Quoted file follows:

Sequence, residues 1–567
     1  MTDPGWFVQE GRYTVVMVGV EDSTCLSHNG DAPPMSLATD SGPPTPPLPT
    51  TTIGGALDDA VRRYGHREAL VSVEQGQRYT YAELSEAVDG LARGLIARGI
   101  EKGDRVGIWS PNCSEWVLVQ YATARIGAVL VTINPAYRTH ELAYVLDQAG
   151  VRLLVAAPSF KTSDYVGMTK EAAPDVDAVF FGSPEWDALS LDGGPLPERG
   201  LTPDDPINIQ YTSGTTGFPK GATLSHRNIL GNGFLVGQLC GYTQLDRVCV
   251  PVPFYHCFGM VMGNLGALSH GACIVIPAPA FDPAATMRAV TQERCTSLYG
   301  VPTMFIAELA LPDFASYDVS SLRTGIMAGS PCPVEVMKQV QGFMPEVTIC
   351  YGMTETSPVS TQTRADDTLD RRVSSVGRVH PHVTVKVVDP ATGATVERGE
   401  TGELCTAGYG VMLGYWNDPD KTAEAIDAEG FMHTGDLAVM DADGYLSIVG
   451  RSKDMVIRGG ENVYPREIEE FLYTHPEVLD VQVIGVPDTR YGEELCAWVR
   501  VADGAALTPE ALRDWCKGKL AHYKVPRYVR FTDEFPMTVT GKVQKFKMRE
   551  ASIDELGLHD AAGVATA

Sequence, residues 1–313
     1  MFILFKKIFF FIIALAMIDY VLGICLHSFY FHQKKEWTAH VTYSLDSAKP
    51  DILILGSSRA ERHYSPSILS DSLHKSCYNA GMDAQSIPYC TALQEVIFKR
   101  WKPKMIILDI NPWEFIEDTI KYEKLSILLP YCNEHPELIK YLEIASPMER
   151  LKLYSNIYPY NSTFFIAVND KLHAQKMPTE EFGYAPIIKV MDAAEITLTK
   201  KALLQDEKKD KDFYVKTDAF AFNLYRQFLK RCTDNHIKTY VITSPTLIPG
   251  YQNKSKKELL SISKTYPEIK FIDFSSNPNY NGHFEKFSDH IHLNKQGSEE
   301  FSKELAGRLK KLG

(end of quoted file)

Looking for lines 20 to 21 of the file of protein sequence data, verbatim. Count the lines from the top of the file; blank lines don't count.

   251  YQNKSKKELL SISKTYPEIK FIDFSSNPNY NGHFEKFSDH IHLNKQGSEE
   301  FSKELAGRLK KLG